WHY NOT FARM OUT YOUR COMPUTING? Hiring another company to do your data processing can save you big bucks. Some say it's the biggest trend since the PC burst on the scene a decade ago.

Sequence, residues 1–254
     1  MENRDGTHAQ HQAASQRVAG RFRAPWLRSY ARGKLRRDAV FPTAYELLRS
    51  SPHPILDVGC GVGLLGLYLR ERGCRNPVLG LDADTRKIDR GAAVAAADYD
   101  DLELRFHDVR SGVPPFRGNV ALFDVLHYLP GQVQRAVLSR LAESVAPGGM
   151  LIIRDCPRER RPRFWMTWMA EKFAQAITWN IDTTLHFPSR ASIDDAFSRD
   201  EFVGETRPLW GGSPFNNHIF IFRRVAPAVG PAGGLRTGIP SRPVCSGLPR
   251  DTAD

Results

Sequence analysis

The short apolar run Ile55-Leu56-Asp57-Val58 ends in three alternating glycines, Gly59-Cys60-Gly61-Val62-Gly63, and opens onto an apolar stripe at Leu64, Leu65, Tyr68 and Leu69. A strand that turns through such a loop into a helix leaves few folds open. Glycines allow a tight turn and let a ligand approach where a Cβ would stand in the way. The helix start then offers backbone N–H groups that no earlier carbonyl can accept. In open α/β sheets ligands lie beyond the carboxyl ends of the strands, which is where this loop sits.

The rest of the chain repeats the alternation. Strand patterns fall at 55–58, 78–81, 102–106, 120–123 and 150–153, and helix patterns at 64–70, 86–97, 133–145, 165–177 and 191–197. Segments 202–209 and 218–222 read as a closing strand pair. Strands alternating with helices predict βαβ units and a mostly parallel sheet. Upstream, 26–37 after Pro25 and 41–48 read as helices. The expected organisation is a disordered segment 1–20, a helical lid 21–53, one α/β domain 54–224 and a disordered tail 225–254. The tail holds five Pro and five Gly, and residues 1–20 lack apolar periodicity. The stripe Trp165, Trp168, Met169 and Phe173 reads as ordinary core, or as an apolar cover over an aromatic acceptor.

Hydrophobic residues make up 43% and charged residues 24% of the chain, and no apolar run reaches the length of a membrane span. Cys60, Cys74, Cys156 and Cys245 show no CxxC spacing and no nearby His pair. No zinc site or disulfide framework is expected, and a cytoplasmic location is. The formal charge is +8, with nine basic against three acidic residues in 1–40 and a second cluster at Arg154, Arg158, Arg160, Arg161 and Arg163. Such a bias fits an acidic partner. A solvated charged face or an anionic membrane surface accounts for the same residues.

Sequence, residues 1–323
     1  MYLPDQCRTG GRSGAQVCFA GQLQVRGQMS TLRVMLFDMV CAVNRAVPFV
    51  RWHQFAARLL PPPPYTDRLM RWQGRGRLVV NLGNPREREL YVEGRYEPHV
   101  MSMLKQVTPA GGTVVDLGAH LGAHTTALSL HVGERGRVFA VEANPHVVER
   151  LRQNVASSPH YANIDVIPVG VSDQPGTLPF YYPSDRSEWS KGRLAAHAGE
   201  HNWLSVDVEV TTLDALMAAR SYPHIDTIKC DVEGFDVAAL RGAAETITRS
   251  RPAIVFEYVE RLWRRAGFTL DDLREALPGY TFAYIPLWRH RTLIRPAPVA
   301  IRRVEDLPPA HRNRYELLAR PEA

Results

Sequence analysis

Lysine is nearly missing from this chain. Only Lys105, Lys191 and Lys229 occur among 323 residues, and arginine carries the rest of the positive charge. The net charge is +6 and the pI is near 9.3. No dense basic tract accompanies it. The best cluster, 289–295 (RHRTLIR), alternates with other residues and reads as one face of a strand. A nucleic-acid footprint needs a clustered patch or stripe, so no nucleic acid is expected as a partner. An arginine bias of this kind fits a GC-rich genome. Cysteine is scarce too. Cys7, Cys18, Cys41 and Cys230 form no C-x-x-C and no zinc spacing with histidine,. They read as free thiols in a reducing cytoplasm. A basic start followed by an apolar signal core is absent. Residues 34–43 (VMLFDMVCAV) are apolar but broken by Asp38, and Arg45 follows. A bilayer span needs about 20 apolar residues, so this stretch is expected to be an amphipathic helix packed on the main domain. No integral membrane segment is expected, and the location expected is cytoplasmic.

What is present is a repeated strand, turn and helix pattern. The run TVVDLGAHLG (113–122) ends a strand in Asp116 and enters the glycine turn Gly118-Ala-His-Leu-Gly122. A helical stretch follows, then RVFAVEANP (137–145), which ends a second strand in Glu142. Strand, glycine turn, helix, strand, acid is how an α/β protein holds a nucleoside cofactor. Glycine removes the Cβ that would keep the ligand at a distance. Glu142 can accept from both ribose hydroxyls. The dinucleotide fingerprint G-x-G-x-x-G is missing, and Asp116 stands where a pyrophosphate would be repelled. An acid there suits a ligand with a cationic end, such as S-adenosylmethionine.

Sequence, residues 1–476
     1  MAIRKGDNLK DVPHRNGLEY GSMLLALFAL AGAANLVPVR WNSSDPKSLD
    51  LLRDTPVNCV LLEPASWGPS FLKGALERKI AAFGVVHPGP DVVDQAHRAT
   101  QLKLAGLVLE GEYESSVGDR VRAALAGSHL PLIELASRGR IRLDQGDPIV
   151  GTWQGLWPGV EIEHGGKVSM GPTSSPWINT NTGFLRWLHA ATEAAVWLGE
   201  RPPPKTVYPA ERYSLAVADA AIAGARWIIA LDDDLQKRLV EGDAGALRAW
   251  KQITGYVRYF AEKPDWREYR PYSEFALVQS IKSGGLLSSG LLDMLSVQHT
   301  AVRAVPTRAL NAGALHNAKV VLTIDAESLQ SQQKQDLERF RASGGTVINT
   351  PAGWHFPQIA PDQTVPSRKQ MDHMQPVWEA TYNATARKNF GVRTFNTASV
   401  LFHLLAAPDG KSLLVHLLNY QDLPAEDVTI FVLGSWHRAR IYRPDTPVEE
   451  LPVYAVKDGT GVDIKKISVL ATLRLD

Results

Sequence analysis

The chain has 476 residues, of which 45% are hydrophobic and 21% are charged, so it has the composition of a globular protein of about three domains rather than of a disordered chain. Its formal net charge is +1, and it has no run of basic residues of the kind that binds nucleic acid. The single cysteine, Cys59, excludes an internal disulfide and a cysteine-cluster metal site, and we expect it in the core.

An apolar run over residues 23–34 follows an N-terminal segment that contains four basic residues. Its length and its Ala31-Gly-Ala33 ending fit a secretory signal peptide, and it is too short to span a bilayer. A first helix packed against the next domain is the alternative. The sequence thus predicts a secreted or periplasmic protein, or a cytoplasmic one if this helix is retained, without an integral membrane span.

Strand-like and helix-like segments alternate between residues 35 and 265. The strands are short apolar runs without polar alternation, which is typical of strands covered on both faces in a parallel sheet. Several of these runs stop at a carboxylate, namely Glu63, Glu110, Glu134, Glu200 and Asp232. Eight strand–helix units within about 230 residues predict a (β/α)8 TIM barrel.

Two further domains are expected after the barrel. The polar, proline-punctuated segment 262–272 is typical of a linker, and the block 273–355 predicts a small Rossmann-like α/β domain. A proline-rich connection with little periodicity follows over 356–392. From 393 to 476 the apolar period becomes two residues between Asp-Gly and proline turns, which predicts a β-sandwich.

By David Kirkpatrick REPORTER ASSOCIATE Ricardo Sookdeo